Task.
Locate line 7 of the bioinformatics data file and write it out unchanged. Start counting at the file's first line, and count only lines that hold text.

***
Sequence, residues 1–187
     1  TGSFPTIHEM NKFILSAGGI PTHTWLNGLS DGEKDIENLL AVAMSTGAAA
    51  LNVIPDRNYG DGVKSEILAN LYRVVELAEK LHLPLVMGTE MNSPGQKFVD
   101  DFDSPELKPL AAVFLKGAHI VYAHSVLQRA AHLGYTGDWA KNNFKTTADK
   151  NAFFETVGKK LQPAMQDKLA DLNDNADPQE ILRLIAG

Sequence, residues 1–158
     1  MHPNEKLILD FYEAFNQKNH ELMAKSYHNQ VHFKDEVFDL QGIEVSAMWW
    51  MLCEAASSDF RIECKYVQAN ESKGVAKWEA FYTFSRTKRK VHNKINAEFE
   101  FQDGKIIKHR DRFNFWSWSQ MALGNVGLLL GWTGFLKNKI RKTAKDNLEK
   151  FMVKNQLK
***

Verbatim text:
     1  MHPNEKLILD FYEAFNQKNH ELMAKSYHNQ VHFKDEVFDL QGIEVSAMWW